“The first lockdown last year was enforced quietness, like a meditation retreat, but as time passed, life has become flattened and uniform,” says Macdonald. This time, the tone of the film is very different, because “maybe due to COVID-19, but also because we’re just living in a slightly more complicated political, darker time. Looking back, 2010 feels very innocent, naive, joyful, simple. This time, people were sadder, more thoughtful,” he says.
The footages are interleaved by men in hazmat suits spraying sanitisers in a containment hotel, empty roads, stations and beaches, a statue wearing a mask in China, doctors processing samples of Oxford University coronavirus vaccine candidate, groups of people e-meeting families and friends. A child rues how “coronavirus ruined his whole life” because it disrupted his sleepover plans. It’s saddening to hear a mother having lost her son to the virus. Alexander ‘ATG’ Lucas — to whose memory this film is dedicated — died, aged 24, on February 18, 2020 due to COVID-19 complications. The camera shows the old footage from the first film on her television, where Alex’s mum was trying to wake her then 14-year-old son up and cuts to the souvenirs on the table which bear his memories. “It’s a very shocking and moving piece. His mother is emotional and feels it is a lovely memorial to him. You see all sorts of not just different characters in different worlds, but also different ways people film things, the different views they have of the world. It’s very enlightening. For me, it’s a real privilege to get to do this,” Macdonald adds.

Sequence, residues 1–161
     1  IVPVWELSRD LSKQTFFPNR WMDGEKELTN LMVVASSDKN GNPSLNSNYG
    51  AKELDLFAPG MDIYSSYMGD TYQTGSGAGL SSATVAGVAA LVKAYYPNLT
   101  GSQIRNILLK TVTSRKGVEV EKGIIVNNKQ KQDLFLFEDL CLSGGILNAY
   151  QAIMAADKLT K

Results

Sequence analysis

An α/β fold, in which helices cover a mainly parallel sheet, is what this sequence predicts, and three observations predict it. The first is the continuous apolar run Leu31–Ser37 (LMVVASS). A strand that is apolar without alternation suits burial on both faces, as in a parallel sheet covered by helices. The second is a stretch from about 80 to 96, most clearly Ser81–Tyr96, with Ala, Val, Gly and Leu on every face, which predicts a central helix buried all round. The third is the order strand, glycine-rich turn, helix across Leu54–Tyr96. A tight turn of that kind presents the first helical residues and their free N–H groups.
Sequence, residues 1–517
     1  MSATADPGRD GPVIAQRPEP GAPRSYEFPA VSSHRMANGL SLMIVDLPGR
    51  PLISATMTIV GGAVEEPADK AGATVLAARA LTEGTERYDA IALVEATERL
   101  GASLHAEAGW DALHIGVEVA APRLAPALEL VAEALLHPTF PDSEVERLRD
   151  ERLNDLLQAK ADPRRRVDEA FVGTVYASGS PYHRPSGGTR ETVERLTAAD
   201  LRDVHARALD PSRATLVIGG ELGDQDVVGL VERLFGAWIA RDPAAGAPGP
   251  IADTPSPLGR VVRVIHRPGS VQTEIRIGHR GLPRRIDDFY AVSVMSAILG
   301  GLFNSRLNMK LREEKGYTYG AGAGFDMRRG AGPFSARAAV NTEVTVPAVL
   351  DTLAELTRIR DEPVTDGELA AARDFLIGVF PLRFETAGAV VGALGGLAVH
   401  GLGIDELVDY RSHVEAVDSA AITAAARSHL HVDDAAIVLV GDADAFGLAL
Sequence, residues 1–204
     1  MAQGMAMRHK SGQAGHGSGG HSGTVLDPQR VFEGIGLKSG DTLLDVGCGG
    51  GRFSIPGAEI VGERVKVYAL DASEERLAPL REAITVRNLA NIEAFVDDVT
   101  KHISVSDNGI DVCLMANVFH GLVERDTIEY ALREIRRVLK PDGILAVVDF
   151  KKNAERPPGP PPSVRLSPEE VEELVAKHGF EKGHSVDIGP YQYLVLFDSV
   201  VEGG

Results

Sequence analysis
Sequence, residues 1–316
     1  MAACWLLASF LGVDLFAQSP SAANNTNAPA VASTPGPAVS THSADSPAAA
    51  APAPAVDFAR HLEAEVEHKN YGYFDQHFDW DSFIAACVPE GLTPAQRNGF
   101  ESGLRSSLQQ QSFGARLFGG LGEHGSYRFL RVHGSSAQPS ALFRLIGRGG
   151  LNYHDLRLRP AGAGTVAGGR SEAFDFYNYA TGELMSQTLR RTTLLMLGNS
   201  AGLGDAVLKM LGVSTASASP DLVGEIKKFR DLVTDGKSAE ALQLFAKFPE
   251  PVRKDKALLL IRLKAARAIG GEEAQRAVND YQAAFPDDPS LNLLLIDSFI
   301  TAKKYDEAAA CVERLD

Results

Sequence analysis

Materials were selected based on how “a story was unfolding, or if it had an amusing incident”. Macdonald’s three editors — Nse Asuquo, Mdhamiri Á Nkemi, Sam Rice-Edwards — gave a structure to the selected little sections to give the impression that this is all one life unfolding over a single day (shot on July 25, 2020).
There’s happiness, sadness and acceptance. There’s birth (even lockdown home/water births) and loss: break-ups, death and burial. Life in a day is not always about happy endings. The film’s ending has a son and father driving and singing (Engelbert Humperdinck’s Quando, quando, quando) — a reminder of how the circle of life goes on. “This is a better film, because it’s much more. It has all the silliness, fun, joy, and all the things that the last film had but also profundity and depth. It shows what it is to be alive, amid the ups and downs, highs and lows,” says Macdonald.
This film is tighter than the first one, has a structural flow, the music helps in giving it a shape and emotional context, and has a spiritual quality about it. “Much of what’s in the film comes from the people, I’m just a selector, more of a DJ than a music creator. The film is about the whole of life, and spirituality is obviously a big part of that, particularly at the moment, with everything that people are going through,” he says.